Welcome to the dark side.
There's basicallywo schools of thought on Linux:
1). These 'user friendly' distributions like Ubuntu, Linux Mint & Fedora, which use complicated scripts like upstart to seemingly make things simple for you. Generally they work well, but with a few caveats:
- Software isn't up to date (they only upgrade major releases every 6-12 months). This can lead to security issues. Can be bypassed by using 3rd party software repositories but often that leads to getting zero support.
- Often scripts are complex to modify or do anything with, try comparing upstart to systemd, this means that your system will be a lot harder to custom-configure to your own personal requirements.
- The forums/IRC are often full of people with little Linux knowledge because of their draw, which can lead to a very frustrating experience when trying to resolve issues. Don't believe me? Hang out on the Ubuntu Forum for a day and watch how many threads go unanswered.
2). 'Expert' distributions like Arch Linux & Gentoo. These often take some time to configure, but once set up they will keep your software up to date, not require a heart-wrenching 'upgrade' every 6 months and be easy to configure.
I personally recommend Arch Linux to just about anyone (as long as they're willing to learn and read) for these reasons:
- The wiki covers just about everything. Literally.
- The IRC & forums can solve most issues (although they will be annoyed if you keep asking them questions which are answered on the Wiki / forums already).
- The distribution is light-weight & configurable.
If you choose to go with Arch Linux, please read these three documents before inserting installation media:Arch Compared to Other Distributions
- This explains the differences between Arch and distributions like Ubuntu.Beginner's Guide
- This is written for inexperienced users and should help you set up & configure an Arch Linux system.Xorg Installation Guide
- This will get you running a graphical user interface, it's very simple so don't be intimidated by it.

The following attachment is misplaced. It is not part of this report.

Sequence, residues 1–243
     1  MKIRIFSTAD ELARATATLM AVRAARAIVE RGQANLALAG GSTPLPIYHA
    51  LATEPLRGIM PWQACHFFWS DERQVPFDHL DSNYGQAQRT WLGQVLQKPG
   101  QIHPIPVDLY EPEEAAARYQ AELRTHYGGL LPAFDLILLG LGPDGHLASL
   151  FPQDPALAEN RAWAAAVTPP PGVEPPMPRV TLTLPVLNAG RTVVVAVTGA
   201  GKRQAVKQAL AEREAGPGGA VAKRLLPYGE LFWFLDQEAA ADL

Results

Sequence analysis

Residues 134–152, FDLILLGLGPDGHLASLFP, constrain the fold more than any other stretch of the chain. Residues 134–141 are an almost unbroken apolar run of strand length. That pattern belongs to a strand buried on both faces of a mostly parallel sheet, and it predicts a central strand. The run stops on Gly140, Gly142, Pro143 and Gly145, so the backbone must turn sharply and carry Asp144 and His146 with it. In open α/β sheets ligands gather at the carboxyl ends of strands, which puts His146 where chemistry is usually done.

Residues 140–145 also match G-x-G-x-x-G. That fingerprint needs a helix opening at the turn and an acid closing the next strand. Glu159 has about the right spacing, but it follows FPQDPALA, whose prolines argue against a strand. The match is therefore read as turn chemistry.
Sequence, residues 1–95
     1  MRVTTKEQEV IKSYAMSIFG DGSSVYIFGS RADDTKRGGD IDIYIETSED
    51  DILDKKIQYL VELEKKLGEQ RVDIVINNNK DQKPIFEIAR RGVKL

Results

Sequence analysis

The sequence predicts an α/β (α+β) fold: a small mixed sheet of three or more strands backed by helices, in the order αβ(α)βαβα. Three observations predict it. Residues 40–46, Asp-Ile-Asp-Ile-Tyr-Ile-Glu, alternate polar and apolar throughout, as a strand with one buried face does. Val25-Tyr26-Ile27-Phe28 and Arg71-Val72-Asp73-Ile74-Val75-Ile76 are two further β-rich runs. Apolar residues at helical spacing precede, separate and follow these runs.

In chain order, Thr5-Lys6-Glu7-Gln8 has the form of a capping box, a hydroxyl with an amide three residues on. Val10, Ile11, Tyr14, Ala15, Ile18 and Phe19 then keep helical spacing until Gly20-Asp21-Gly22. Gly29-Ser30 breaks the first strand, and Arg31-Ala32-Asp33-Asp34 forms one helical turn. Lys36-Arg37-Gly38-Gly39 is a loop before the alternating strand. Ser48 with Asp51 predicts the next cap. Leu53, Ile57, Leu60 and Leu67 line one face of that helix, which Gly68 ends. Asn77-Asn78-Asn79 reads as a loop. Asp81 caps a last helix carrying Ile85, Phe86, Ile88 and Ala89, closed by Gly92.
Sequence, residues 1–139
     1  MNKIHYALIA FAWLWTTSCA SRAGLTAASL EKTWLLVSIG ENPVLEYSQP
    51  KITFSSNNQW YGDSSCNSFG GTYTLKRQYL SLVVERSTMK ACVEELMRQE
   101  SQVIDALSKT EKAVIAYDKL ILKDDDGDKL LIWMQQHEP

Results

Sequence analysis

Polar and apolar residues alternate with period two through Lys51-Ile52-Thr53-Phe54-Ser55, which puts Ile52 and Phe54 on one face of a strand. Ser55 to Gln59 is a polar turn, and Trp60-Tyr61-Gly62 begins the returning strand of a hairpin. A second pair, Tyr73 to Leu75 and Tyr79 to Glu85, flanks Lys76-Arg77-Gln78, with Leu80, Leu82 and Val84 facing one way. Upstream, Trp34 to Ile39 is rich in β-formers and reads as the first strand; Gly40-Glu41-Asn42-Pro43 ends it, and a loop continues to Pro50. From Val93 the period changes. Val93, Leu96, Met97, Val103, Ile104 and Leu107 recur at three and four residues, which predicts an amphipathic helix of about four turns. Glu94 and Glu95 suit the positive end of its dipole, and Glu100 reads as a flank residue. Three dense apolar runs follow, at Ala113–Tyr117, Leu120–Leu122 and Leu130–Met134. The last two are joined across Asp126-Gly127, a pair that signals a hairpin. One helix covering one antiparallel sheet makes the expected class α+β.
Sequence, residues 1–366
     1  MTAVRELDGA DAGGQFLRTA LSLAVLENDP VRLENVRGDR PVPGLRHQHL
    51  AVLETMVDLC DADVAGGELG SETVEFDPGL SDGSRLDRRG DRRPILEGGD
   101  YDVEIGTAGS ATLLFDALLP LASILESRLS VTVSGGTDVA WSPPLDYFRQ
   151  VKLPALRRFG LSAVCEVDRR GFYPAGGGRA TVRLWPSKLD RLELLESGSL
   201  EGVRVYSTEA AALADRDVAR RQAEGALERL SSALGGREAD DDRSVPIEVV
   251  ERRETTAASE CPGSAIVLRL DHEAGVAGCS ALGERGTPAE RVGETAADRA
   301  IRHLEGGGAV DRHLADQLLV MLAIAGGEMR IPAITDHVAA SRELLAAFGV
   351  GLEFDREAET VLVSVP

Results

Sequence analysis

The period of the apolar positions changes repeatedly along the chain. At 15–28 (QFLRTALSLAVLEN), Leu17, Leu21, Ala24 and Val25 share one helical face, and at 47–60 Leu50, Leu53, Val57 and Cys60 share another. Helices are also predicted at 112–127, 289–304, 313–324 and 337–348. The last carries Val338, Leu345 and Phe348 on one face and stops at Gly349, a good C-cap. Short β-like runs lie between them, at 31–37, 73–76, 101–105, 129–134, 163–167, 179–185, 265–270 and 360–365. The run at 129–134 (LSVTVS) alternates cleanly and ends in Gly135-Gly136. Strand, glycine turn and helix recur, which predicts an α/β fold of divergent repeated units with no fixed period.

Ultimately, you'll probably hear a lot of people pushing you towards the first group of distros, I'd suggest if you have a couple of days, try both and see what you like. The advantages are as follows:
- Set up & go: No complex installation process, GUI from the get-go.
- Easy to use: Designed to act like Windows / Mac OS X and hide the 'hard bits'.
- Powerful & cutting-edge: Your software will be the newest versions with the latest features.
- Easy to configure: Whilst it takes a few hours (give yourself 3-4) to set up how you want it, it's far easier than Ubuntu et. al to modify later
- YOURS: Won't come with a bunch of software you don't want, you choose what you need. Minimal memory footprint.
Remember, make your own decision. I've tried both camps. I started with Slackware in 1998, I tried Debian, I tried Ubuntu, I tried Mint. I tried OpenBSD and FreeBSD. I found Arch and have stayed with it for just over 3 years, it's been a learning experience but for the most part my computers run how I want them to: fast, stable and customized to my liking. When they don't, it's because I've changed something wrong, and it's usually trivial to solve it and get them doing so again.
Good luck and hope you like Linux.